WASHINGTON — The 1868 Treaty with the historically known as the Sioux (Dakota, Lakota and Nakota) and Arapaho, often called the Treaty of Fort Laramie, established the Great Sioux Reservation, lands west of the Missouri River set aside for exclusive use by the Sioux Nation. The reserve included Heha Sapa, the Black Hills, sacred to many tribal nations. The National Museum of the American Indian commemorates the 150 anniversary of the treaty displaying the original document Oct. 26. On loan from the National Archives, the treaty will be on view in the exhibition “Nation to Nation: Treaties Between the United States and American Indian Nations” through March 2019. Media are invited to an open house with Kevin Gover, director of the museum and representatives of the Sioux and Northern Arapaho nations Oct. 26 at 9:30 a.m.
This treaty was born of war on the northern plains and took seven months to be completed, from April 29 to Nov. 6, 1868. It was negotiated in what was then the Wyoming Territory, between members of the US government’s newly established Indian Peace Commission and delegations representing the Dakota (Santee) Lakota (Hunkpapa, Itazipco, Mnicoujou, Oglala, Oohenumpa, Sicanju, Siha Sapa, Sisitonwan, and Wahpetonwan), Nakota (Ikhanktown/a) and Northern Arapaho peoples. The first Native American delegates signed the document on April 29, 1868. The Oglala Lakota, Chief Mahpĭya Lŭta (Red Cloud) was among the last to sign, on Nov. 6.
Led by Red Cloud, the Dakota and Lakota, and their Cheyenne and Arapaho allies, defeated U.S. Army detachments and halted wagon trains moving from Wyoming into the Montana Territory. With its soldiers subdued, the United States dispatched peace commissioners to reach a settlement. For the Sioux and Northern Arapaho representatives who negotiated the treaty, it seemed like a victory. The United States agreed to abandon its forts along the Bozeman Trail; guarantee exclusive tribal occupation of extensive reservation lands, including the Black Hills; recognize tribal hunting rights on adjoining “unceded” territories and bar white settlers from them; and forbid future land cessions unless approved by 75 percent of the Native adult men. The treaty also included numerous provisions for assimilating Indians into non-Native American culture.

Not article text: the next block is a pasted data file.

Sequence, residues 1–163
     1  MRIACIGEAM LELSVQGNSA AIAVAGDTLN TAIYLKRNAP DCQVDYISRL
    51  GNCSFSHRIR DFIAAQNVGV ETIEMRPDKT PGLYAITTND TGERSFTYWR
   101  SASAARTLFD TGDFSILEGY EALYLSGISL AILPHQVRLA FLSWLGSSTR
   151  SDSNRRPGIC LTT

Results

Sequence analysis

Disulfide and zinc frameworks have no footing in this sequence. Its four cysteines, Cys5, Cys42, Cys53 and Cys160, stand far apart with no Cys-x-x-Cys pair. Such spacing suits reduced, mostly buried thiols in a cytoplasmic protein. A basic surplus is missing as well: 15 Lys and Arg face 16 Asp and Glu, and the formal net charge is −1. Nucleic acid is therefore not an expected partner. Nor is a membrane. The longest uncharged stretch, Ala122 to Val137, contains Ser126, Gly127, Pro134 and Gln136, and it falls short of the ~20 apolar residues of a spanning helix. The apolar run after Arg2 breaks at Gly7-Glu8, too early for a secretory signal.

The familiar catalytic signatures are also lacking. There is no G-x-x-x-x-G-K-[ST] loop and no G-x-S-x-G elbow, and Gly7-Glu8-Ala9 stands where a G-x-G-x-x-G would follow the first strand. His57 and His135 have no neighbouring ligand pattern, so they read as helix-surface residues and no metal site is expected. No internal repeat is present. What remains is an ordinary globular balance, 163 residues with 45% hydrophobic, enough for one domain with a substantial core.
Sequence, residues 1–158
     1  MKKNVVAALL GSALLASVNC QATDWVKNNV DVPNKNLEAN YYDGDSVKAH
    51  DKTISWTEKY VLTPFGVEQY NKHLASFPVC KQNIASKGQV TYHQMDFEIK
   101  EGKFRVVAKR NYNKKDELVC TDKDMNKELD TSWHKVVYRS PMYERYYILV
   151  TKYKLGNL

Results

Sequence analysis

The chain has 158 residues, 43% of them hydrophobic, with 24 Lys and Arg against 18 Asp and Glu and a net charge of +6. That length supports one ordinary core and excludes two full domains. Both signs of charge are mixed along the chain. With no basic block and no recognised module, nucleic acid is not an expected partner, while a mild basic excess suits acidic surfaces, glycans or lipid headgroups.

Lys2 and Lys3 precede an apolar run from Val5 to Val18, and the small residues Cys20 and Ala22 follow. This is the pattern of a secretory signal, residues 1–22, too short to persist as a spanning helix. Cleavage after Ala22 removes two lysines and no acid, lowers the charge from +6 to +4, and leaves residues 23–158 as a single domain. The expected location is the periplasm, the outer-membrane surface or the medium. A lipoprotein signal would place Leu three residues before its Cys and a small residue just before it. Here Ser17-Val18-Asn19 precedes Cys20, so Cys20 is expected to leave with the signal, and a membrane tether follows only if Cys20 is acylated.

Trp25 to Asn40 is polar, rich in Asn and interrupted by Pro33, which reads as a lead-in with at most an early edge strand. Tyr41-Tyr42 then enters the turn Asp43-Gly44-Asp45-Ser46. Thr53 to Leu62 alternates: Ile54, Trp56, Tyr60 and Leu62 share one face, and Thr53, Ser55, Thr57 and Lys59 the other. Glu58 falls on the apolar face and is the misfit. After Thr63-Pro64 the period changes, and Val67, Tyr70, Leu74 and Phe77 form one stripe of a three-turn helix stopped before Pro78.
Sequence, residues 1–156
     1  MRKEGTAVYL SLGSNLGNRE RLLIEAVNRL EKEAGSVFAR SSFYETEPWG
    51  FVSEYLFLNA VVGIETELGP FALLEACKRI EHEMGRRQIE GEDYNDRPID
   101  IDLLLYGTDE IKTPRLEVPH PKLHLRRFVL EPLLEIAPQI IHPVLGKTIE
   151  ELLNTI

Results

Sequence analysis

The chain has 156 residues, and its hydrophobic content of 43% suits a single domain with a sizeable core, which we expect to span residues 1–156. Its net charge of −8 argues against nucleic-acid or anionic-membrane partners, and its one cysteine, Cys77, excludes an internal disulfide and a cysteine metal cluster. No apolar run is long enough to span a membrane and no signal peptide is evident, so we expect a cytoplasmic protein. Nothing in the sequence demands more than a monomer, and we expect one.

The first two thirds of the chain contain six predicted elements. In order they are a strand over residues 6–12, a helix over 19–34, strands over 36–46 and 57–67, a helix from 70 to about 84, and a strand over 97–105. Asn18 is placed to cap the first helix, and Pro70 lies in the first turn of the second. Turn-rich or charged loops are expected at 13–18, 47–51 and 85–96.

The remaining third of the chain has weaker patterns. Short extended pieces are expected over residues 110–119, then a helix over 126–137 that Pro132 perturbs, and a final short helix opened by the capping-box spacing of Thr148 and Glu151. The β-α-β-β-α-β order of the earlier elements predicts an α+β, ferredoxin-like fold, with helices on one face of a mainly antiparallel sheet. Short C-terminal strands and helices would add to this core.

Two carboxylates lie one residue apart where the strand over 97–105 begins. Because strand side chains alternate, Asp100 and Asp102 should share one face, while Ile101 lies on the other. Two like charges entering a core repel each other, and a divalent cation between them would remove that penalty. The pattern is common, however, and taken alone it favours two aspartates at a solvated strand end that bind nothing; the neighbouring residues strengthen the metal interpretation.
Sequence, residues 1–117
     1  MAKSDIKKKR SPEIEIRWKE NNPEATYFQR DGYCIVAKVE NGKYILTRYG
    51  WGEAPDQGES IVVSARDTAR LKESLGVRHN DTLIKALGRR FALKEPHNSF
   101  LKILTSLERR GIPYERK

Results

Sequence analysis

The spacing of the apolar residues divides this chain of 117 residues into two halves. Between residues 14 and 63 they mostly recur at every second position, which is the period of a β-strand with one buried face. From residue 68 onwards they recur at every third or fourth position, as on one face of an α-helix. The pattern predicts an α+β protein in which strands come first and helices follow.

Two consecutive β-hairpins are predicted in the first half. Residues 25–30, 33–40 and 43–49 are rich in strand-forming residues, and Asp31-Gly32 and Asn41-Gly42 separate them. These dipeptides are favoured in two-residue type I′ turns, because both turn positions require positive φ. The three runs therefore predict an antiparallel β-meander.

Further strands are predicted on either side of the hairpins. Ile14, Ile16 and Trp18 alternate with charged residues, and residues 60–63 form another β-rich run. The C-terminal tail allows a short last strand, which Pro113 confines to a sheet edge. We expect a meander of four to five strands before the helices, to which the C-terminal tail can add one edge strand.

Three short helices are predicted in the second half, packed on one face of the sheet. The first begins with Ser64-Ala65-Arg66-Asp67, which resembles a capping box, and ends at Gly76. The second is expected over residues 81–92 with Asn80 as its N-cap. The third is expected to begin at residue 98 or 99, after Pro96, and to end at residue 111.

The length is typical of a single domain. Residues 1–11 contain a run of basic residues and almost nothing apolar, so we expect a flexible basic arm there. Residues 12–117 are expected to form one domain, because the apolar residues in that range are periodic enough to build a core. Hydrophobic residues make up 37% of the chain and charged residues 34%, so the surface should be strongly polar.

Congress violated the Fort Laramie Treaty in 1877, seizing the Black Hills without tribal consent. The act spawned an epic legal battle for the restitution of the sacred lands—a struggle that continues today.
This is the first treaty on loan to “Nation to Nation” that will not be shown in its entirety. The treaty is 36 pages total, and the exhibition case can only accommodate 16 pages. Hence, the case features pages that show the names of tribal leaders. To view high-resolution images, visit the website: https://catalog.archives.gov/id/299803.
Displaying original treaties in “Nation to Nation” is made possible by the National Archives, an exhibition partner. Several of the treaties receive extensive conservation treatment by the National Archives’ conservator prior to loan. There are a total of over 370 ratified Indian treaties in the National Archives. For more information about these treaties, see https://www.archives.gov/research/native-americans/treaties. The next treaty scheduled to go on display at the National Museum of the American Indian will be the Cherokee Treaty at New Echota, 1835, in spring 2019.
The treaty currently on display is the first written treaty between the U.S. and an Indian Nation, the Treaty with the Delawares, 1778. The treaty was intended to create an alliance between the Lenape and the United States during the American War of Independence. The document has been on display since May 10.
The National Museum of the American Indian is committed to advancing knowledge and understanding of the Native cultures of the Western Hemisphere—past, present and future—through partnership with Native people and others. Located on the National Mall at Fourth Street and Independence Avenue S.W., the museum is open every day from 10 a.m. to 5:30 p.m. (closed Dec. 25). The museum is also on Facebook, Twitter, Instagram and AmericanIndian.si.edu.